There are many great ways to positively affect balance skills, and using specific balance activities for kids that impact gross motor coordination and other areas of development. This article also includes various balance activities for preschoolers, toddlers, focusing on balance skills for all ages!
In this post, you will find balance activity ideas tailored to different age groups with ideas for upgrades and downgrades to meet the individual needs of a variety of children. You will find activities for toddlers, preschoolers, and kids. Some activities can be used during therapy treatment, at home with families, or in the school classroom.
Balance activities for kids
Balance skills are important skills for children to have as children must control and maintain multiple body positions in their daily life functions. They rely on balance for daily activities such as dressing, going to the toilet, navigating each environment, sitting to eat meals, and playing.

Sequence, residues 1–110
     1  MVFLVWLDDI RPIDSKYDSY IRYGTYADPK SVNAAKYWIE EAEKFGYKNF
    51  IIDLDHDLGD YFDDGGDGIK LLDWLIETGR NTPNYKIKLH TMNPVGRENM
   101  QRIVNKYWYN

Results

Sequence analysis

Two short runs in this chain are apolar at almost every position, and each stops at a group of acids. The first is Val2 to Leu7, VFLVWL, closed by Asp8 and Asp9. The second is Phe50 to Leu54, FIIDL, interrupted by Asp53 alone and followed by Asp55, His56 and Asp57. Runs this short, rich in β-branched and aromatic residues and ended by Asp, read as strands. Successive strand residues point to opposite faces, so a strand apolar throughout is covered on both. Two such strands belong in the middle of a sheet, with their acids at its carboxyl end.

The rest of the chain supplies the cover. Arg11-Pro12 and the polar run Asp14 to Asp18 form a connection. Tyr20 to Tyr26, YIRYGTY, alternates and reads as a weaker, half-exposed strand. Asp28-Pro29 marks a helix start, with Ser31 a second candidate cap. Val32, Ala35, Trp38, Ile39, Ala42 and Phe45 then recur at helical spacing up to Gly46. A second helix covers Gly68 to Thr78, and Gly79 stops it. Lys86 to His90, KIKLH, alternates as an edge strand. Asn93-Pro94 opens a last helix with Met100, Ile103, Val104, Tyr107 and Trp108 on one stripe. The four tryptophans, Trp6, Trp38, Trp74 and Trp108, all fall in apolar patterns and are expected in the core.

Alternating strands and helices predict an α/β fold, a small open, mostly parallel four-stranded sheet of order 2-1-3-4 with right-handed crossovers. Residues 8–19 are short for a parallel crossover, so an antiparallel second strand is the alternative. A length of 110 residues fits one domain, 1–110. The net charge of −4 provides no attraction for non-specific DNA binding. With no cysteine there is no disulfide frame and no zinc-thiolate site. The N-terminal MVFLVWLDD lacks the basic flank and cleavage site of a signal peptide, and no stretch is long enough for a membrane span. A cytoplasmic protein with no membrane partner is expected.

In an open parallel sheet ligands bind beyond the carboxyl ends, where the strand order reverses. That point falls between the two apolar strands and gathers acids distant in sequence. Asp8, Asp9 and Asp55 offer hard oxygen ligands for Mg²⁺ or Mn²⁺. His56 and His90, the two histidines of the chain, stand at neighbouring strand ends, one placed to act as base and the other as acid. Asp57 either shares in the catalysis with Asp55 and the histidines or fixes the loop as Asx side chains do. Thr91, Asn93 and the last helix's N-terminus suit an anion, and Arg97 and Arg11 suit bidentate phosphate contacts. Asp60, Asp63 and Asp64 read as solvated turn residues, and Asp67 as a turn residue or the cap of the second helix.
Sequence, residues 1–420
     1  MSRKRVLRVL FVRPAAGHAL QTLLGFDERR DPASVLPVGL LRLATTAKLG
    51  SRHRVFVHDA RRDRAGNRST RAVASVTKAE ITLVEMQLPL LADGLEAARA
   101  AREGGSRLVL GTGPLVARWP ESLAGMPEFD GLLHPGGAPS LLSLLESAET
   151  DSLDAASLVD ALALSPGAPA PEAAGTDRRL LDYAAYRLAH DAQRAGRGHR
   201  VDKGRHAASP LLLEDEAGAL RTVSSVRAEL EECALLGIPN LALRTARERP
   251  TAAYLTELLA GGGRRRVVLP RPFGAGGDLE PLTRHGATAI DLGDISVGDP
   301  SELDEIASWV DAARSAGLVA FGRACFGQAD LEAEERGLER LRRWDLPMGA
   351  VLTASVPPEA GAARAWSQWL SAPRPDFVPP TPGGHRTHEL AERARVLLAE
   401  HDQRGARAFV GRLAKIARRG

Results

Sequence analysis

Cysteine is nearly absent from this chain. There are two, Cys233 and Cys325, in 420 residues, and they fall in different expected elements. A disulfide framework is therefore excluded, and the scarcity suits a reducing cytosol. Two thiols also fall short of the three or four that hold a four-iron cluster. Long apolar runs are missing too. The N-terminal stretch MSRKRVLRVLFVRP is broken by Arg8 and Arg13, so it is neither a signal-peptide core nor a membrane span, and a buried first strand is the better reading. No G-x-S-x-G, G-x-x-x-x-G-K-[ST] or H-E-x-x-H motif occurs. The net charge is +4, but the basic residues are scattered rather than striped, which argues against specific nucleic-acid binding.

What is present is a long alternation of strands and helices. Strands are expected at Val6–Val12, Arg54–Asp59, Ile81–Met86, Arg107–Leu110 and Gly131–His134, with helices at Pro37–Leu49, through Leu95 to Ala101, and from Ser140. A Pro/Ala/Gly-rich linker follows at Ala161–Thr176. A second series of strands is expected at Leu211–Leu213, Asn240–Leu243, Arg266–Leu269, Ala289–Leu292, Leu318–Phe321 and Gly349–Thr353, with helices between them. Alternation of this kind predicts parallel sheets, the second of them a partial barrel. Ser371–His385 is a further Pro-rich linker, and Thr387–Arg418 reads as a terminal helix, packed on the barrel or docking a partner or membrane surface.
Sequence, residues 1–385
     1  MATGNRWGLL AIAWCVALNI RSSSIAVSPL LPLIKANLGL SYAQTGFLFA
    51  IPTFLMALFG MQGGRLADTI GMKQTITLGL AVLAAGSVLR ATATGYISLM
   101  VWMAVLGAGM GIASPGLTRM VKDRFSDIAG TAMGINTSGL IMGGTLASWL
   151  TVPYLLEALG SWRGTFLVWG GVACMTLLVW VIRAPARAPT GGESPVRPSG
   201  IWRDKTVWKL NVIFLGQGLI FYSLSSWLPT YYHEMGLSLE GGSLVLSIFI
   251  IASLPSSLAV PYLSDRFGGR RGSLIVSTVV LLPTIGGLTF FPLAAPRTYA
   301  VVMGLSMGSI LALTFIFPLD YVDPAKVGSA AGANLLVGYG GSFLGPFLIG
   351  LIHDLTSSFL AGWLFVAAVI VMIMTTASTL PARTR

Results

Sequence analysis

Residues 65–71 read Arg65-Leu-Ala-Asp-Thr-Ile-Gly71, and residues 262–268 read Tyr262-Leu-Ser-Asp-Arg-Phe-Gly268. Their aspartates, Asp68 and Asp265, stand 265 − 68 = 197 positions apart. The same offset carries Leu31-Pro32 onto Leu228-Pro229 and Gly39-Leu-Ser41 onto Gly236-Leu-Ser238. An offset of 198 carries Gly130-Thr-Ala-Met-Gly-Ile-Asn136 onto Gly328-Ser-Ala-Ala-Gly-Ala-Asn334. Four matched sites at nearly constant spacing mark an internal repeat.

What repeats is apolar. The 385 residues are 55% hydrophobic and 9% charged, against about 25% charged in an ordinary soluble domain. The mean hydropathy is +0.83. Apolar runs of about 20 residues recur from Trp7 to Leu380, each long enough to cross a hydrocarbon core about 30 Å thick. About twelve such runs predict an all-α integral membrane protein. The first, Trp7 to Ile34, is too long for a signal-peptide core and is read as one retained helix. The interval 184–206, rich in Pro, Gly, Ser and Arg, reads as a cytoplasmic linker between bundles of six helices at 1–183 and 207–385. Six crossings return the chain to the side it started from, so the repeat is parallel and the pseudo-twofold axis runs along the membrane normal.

They need good balance to engage in sports and games that they play with others to be safe and minimize fatigue. Good balance skills also minimize injury as the child can more successfully utilize protective responses when needed.
Begin by reading this resource on the development of balance.
When addressing balance skills, many times this also includes:
In addition to these areas of consideration, there is also the functional aspect. In order to complete functional tasks throughout the day, or daily occupations, there needs to be movement, manipulation of objects, while maintaining or performing tasks with balance and coordination. So, balance activities are a win-win for the children and you as the provider!
What is Static Balance and Dynamic Balance?
There are forms of balance that include static and dynamic movements and a combination of both which are all utilized frequently in everyday life.
What exactly are static and dynamic balance?
Static balance- Simply put, static balance is when you hold your body stationary in a position or posture.
Building static balance first is where to begin, as this is what provides a good foundation of balancing skills before moving on to more complex balancing with movement.
Dynamic balance- Dynamic balance is when your body is in motion. You need both to engage and maneuver through daily activities.